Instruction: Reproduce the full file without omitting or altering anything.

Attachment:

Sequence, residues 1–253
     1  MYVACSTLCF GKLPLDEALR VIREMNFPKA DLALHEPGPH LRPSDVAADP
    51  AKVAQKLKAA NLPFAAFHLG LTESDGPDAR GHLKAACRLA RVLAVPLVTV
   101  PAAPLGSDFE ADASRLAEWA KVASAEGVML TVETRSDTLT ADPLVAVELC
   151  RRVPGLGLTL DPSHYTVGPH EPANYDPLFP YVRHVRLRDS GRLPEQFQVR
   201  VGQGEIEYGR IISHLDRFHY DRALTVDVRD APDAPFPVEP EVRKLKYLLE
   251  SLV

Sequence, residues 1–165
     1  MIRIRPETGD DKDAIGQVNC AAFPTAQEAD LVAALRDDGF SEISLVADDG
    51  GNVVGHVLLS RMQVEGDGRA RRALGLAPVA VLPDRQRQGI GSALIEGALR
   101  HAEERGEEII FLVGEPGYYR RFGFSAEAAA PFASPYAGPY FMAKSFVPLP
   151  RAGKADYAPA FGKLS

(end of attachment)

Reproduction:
Sequence, residues 1–253
     1  MYVACSTLCF GKLPLDEALR VIREMNFPKA DLALHEPGPH LRPSDVAADP
    51  AKVAQKLKAA NLPFAAFHLG LTESDGPDAR GHLKAACRLA RVLAVPLVTV
   101  PAAPLGSDFE ADASRLAEWA KVASAEGVML TVETRSDTLT ADPLVAVELC
   151  RRVPGLGLTL DPSHYTVGPH EPANYDPLFP YVRHVRLRDS GRLPEQFQVR
   201  VGQGEIEYGR IISHLDRFHY DRALTVDVRD APDAPFPVEP EVRKLKYLLE
   251  SLV

Sequence, residues 1–165
     1  MIRIRPETGD DKDAIGQVNC AAFPTAQEAD LVAALRDDGF SEISLVADDG
    51  GNVVGHVLLS RMQVEGDGRA RRALGLAPVA VLPDRQRQGI GSALIEGALR
   101  HAEERGEEII FLVGEPGYYR RFGFSAEAAA PFASPYAGPY FMAKSFVPLP
   151  RAGKADYAPA FGKLS